But the food was decent, and the conversation refreshing, and I found myself wishing it could happen more often – or last a lot longer.  It hardly seemed right to get up when only a few hours had passed.  But each of our lives called us away.  To children, and husbands, and lives that needed tending to.

As we hugged each other, and I watched my two friends ‘baby bumps” bang into each other, I was reminded of the reality that real friendships truly do last forever.  We picked up with each other as though graduation had been last week, and although there was so much more to say, there wasn’t a moment that lacked conversation.

Facebook has been a blessing for us.  A way to keep tabs on each other, and keep track of the major happenings.  These ladies used Facebook as a means of support for me over the last six months, when some days it seemed the sky was falling.  They reached out to me – as if we were still next door neighbors in New Paltz.  Facebook arranged our meeting last night.  As a simple group message “Hey can we pull this off?” – and I am so grateful we did.

See in order to stay sane, life has to be about more than Cowden’s Syndrome.  It has to be about more than knee pain that wakes my girl up in the middle of the night after only 4 days without her Celebrex.  (At least we tried!)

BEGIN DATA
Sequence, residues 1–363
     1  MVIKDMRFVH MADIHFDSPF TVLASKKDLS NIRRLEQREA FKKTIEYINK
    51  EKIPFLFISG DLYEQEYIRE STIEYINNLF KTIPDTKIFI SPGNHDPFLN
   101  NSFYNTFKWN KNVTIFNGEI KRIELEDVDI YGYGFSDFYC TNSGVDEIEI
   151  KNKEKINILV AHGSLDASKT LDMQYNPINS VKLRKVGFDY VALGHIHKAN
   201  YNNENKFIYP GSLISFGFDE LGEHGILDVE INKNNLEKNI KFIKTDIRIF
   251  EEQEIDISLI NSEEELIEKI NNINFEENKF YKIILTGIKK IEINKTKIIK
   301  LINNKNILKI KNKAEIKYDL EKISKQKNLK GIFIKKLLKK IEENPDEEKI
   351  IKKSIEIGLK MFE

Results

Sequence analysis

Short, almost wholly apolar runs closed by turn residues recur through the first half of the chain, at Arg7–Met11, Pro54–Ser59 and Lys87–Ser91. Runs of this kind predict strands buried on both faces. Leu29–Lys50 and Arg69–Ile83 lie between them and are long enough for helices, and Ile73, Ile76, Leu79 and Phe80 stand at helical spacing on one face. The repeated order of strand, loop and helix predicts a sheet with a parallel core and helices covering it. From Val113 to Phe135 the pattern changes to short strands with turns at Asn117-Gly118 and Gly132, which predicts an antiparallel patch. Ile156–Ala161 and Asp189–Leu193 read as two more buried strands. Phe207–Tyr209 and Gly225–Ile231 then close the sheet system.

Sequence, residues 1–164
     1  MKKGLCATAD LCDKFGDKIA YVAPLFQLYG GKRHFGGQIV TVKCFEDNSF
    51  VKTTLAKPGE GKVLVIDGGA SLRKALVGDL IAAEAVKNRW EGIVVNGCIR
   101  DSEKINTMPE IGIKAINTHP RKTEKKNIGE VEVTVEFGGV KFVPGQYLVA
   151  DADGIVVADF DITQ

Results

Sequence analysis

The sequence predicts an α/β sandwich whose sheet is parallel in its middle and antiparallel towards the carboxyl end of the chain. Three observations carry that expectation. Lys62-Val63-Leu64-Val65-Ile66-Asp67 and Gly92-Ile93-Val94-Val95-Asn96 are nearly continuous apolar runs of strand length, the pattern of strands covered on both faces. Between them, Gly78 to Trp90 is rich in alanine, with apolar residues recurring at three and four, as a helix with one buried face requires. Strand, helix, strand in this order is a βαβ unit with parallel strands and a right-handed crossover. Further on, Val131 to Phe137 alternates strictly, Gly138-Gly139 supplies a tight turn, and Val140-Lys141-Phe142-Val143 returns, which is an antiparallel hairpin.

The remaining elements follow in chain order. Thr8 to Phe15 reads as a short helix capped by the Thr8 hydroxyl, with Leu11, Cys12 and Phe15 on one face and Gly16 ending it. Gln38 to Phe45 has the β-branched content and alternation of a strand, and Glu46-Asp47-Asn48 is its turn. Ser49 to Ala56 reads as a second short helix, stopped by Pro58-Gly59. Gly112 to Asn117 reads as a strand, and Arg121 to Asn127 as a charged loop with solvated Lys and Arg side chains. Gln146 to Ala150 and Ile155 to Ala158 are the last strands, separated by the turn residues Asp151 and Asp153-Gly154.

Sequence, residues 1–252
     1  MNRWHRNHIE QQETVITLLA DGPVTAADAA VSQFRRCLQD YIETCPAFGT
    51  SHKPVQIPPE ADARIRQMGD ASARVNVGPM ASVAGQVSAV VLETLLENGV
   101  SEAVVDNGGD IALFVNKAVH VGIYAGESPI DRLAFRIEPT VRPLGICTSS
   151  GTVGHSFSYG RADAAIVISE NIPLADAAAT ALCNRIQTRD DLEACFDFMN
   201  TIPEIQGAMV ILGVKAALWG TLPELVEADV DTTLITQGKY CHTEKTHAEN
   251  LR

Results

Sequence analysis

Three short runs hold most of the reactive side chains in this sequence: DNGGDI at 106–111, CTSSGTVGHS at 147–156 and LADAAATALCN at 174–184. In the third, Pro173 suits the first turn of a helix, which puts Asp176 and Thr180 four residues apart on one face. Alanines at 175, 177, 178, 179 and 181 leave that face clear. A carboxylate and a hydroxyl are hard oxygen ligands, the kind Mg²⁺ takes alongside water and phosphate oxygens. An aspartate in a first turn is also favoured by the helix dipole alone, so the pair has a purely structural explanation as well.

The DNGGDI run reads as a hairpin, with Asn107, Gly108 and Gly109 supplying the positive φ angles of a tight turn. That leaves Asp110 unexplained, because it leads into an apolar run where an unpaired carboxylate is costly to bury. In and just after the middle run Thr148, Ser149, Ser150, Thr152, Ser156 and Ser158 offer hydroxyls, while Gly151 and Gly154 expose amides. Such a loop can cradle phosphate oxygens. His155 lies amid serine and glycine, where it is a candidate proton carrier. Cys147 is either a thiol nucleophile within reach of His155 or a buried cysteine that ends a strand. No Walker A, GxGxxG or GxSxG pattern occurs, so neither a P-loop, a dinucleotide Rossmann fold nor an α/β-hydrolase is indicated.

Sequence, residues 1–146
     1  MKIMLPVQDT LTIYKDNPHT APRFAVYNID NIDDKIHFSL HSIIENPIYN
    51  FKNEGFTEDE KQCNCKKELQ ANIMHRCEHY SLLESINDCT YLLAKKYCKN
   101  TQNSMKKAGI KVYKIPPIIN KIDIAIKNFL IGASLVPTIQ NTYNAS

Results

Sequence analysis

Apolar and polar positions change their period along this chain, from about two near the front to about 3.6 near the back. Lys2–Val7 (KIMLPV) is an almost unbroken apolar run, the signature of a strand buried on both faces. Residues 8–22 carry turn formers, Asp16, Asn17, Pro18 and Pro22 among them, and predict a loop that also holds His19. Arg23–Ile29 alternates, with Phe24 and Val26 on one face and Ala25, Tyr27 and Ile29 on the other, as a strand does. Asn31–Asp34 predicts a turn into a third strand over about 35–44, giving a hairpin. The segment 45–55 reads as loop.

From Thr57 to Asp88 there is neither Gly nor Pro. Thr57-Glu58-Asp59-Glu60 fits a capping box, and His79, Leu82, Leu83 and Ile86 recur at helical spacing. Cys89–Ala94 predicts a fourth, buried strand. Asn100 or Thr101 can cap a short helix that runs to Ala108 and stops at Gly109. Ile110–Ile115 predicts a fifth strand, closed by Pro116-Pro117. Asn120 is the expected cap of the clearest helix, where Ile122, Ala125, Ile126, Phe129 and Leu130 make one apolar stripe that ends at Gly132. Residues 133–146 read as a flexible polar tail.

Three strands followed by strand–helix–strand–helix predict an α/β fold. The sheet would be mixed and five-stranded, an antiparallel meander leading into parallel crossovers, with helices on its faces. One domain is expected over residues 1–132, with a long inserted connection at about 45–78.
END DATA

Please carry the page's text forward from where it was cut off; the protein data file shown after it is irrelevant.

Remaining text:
Life has to be about more than infections that scare me half to death, viruses that take hold way too fast, and doctors that want to fix it all but don’t know how.

It can’t always be about tumors, and, “Are they growing or not?”

It can’t always be about the tests and the screenings, like tomorrow’s colonoscopy.

The recovery room at tomorrow’s colonoscopy site!

Those things are always going to be part of our lives – forever.  They aren’t going away.  That is the reality of Cowden’s Syndrome.

But the real reality, in the world where we know too well that “Everyone has Something,” is that it is necessary to make time to hug old friends.  It is helpful to the soul, to relive old times, and to sometimes sit and have dinner with people who stood beside you years ago, and who have made it clear they are prepared to do the same now.